Grown Here at Home: Virginia Tech researching hard cider on Kentland Farm
In a field at Virginia Tech’s Kentland farm there are 696 apple trees. It’s funded through a grant by the USDA. There are eight varieties that will be used to research hard cider.
"Our research project is focusing on the microbes that are associated with fruits, so bacteria and fungi and things like that, that live on the surfaces of the fruit." explained Susan Whitehead, assistant professor at Virginia Tech.
Researchers believe the plant might be able to respond to the microbes in a way that can change the flavor and even chemistry of the fruit.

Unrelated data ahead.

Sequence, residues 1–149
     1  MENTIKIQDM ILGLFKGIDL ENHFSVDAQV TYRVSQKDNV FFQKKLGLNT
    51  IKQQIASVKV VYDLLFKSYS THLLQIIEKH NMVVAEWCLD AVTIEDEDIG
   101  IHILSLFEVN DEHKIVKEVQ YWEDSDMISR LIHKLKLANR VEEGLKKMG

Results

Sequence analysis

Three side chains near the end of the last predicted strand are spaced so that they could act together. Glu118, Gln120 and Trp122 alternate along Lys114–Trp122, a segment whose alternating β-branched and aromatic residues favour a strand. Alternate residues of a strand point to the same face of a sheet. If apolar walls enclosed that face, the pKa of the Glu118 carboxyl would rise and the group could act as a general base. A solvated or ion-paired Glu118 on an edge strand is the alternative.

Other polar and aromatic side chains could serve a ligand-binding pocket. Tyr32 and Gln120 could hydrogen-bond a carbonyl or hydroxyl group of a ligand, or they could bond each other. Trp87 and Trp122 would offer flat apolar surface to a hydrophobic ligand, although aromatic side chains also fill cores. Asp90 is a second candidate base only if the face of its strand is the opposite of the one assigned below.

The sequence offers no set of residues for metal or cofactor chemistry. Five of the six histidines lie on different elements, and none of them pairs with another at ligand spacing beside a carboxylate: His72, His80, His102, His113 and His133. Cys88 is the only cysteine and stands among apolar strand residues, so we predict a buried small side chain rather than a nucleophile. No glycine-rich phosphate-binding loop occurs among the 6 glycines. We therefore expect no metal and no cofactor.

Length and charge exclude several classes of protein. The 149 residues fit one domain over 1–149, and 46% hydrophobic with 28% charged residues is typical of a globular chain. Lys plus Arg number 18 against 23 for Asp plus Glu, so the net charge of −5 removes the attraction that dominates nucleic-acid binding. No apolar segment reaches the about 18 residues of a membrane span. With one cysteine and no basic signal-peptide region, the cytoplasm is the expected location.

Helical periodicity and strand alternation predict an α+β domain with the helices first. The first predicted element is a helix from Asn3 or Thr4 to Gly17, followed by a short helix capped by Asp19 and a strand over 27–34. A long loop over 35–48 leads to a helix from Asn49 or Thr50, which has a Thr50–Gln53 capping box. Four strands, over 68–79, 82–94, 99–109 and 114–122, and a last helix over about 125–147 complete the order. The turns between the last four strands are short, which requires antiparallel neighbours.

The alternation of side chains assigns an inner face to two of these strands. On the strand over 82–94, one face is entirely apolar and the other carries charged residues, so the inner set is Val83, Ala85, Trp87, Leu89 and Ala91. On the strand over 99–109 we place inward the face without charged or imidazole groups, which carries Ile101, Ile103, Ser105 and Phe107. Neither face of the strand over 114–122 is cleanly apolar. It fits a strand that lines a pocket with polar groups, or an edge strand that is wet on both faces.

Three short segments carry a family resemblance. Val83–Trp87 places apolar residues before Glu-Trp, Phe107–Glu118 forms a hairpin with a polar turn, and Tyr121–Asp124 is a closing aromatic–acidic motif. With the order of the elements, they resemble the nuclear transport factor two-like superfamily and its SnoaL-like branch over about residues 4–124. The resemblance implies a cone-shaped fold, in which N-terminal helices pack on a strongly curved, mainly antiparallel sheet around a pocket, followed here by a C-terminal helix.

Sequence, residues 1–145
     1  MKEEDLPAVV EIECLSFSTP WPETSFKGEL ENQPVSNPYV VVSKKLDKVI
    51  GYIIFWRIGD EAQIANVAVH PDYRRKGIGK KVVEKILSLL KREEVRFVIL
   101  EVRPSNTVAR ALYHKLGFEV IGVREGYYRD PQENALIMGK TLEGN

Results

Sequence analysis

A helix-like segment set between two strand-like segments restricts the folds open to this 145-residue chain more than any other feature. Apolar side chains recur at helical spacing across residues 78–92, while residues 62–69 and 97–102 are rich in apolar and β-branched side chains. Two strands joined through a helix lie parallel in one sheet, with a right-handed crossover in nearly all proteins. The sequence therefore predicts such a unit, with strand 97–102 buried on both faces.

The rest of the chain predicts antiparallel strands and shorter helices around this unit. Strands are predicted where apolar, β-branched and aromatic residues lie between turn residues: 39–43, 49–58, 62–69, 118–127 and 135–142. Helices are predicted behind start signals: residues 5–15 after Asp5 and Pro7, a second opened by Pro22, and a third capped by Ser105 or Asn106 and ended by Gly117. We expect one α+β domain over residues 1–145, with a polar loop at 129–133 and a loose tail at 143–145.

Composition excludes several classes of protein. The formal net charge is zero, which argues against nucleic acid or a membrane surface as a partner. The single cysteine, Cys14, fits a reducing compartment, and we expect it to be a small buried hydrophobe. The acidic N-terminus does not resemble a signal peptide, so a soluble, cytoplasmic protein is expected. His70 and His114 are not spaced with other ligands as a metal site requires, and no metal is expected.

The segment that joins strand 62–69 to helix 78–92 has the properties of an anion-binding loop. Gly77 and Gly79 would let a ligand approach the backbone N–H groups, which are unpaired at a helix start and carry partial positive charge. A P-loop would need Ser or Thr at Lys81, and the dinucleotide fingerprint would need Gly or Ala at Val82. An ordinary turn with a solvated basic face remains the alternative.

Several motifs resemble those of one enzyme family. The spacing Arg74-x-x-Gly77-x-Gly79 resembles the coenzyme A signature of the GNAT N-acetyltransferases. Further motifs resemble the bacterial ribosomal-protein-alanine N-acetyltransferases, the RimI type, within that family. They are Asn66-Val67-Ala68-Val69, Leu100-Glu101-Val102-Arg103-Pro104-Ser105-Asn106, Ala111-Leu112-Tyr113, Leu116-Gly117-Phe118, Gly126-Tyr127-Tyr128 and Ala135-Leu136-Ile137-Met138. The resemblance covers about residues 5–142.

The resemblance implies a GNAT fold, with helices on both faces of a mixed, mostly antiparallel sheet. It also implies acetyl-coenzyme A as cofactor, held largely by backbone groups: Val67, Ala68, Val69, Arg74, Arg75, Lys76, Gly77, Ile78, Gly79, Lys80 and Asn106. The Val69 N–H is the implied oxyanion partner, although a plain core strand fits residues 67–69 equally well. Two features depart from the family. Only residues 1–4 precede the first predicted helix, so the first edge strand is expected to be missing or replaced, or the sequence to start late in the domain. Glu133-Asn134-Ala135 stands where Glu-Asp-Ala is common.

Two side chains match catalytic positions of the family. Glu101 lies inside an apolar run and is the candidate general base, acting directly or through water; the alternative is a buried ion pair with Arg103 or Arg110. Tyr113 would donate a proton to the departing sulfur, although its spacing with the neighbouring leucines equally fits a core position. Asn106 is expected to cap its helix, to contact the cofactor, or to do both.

"Most of the information that apple growers have is focused on production for fresh market apples, and there are some things you might do differently if your focus is on cider," Whitehead said.
Hard cider is a craft beverage that was traditionally produced in the United States.
"There’s many different styles. There’s sweeter ciders, but there’s also very dry ciders. It’s similar to wine or champagne. You can have really different ciders coming from different regions of the world," Whitehead said.
The research would help identify pest management practices and even ways to increase the quality of apples.
"In the long term we really hope that this research can benefit cider makers certainly, but could also benefit apple growers throughout Virginia and the rest of the U.S. and the world," said Whitehead.